liability shield to protect big corporations from lawsuits if they put their workers at risk. seriously, leader mcconnell has made corporate immunity the centerpiece of the republican response? once again, the republican senate is far more comfortable providing relief to big corporations than relief to workers and families. how about instead of shielding corporations from liability we shield renters from eviction? how about instead of shielding corporations from liability we shield the unemployed from poverty? according to reports the white house and senate republicans want to cut the enhance the unemployment benefits that democrats secured in the c.a.r.e.s. act to a percentage of a worker's former wage. that's right, america. if you lost your job through no fault of your own and can't go back to work, because this administration is mismanaged the
crisis, republicans want to you take a pay cut of 30% or even more. the number of unemployment claims unfortunately increase this week for the first time in 15 weeks, and republicans are fighting with themselves over how much to cut unemployment benefits. republicans fight over themselves over how low to go and hard-working americans continue to suffer. democrats are ready to work. republicans need to pull their head out of the sand, get their act together, sit down with speaker pelosi and me, and start negotiating a real package. >> thank you, you spelled it out perfectly. when listening to you i'm thinking, what is it that the trump administration and the republicans in congress have against working families in our country? as they sit around their table and join their corporate friends
at the corporate board table, we have to be thinking about what's going on at the kitchen table of america's families. many more people than ever, many people who never thought they would are going to food banks and yet this legislation that they're proffering has nothing to address food insecurity in our country, it's about our children, millions and millions of children are food insecure yet nothing there for that and as a leader said in terms of rent, people will be in the streets, the evictions will continue yet in our bill and proposal does that modeled after some past initiatives for emergency security. health care workers, transit workers, our first responders,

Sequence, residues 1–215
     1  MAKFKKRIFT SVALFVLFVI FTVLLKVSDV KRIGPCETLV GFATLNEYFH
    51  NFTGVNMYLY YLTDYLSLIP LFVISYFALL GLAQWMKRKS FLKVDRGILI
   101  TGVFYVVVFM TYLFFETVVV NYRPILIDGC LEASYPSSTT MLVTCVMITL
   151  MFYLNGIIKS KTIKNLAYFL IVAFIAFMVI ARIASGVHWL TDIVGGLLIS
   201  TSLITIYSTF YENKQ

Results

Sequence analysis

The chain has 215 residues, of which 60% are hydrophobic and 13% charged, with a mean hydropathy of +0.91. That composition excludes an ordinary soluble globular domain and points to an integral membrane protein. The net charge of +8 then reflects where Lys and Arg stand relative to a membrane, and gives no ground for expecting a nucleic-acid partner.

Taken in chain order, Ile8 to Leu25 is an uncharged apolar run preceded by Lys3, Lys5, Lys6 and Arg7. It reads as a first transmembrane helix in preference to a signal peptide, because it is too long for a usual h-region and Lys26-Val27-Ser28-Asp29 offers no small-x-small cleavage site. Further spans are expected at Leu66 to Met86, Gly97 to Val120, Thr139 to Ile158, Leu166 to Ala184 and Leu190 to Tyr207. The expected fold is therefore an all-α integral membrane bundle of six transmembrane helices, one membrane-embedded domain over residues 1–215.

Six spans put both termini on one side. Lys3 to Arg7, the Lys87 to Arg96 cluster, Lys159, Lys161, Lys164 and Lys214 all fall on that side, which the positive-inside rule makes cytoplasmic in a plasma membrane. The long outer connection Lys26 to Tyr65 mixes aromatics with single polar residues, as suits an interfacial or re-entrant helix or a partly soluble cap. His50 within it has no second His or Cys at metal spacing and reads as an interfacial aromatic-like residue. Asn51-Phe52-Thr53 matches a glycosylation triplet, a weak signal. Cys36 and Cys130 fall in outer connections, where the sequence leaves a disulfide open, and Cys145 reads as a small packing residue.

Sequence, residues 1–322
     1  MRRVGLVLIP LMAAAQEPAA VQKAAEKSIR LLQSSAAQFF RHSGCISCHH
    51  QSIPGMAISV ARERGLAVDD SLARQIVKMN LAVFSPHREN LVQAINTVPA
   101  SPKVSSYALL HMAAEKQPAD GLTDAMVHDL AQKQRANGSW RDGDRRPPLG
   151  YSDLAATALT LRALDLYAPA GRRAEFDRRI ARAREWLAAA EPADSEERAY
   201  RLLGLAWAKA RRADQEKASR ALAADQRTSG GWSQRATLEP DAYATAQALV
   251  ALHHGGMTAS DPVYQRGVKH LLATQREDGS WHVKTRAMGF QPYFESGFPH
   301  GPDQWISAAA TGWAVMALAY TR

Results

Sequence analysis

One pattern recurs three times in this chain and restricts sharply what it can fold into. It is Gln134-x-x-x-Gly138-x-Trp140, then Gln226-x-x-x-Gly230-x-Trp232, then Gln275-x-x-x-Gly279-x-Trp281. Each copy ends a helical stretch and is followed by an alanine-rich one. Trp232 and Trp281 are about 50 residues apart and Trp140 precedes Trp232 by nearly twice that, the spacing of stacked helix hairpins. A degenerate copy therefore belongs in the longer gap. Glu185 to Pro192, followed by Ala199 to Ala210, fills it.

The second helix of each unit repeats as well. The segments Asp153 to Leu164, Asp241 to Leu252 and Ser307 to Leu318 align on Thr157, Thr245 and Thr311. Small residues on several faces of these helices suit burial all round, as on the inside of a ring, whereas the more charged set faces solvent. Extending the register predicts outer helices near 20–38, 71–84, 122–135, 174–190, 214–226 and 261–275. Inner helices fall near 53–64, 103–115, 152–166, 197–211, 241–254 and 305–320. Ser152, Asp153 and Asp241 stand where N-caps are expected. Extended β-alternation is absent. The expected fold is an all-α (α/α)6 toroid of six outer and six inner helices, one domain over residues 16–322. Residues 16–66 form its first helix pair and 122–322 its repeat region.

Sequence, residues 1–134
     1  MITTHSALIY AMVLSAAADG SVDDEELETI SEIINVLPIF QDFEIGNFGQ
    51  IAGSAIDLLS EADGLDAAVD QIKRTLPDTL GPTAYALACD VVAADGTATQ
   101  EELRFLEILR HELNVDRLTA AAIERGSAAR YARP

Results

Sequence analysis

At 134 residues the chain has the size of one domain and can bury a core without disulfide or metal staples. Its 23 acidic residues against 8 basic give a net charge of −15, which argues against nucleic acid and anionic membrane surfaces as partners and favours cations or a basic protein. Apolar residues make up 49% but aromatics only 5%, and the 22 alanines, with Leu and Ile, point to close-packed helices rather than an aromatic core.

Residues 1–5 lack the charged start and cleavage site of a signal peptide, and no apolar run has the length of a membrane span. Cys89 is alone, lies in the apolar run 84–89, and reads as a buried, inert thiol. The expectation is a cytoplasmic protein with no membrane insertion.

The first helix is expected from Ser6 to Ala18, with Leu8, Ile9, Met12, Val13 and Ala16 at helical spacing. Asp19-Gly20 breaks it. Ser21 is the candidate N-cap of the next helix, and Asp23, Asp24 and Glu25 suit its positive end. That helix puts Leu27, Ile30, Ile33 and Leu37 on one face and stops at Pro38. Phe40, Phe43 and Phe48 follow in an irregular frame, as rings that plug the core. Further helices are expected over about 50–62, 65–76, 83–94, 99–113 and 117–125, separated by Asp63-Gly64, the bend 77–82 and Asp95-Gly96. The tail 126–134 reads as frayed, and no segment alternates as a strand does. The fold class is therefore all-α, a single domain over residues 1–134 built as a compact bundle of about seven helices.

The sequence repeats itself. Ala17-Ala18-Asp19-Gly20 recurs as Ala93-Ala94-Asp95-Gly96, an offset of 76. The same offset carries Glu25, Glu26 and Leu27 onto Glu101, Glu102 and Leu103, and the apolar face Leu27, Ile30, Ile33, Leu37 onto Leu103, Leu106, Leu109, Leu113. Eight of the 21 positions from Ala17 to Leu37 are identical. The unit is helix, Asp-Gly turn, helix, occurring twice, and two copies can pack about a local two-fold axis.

food suppliers, sanitation workers and the rest, nix, they say no to that. in terms of what we have to do to address the virus, they are scientifical scientifically in absentia. they just don't get it. they don't believe in science. they don't believe in governance, so why should they pay attention to science and do something in governance about it? so they make a token thing and now they're saying well we're going to use some of the money we did before which they didn't spend before. this is a crisis for our country. i hoped as we do in legislating when they offered their bills before, they offered their first version of the c.a.r.e.s. act we countered. they offered the next version of the ppp, we countered. we offered this legislation, we thought they would counter with something that was at least
reconcile ab reconcilable but this doesn't reconcile with the needs of the american people. it is another example of their dereliction in duty for not facing the reality of what this virus is doing to our, the lives, the livelihood and actually the life of our democracy. with that, we're pleased to take any questions you may have. yes, ma'am? >> it seems these negotiations are as you've outlined hitting some speed bumps, and millions of americans are facing unemployment benefits running out at the end of next week. if you can't get a bigger deal, are you open to temporarily extending those benefits for people? >> no. this is a package. we cannot piecemeal this. this is as you see, it has an integrity. it has a oneness about meeting the needs of the american people, defeating the virus as we honor our heroes and put money into the pockets of the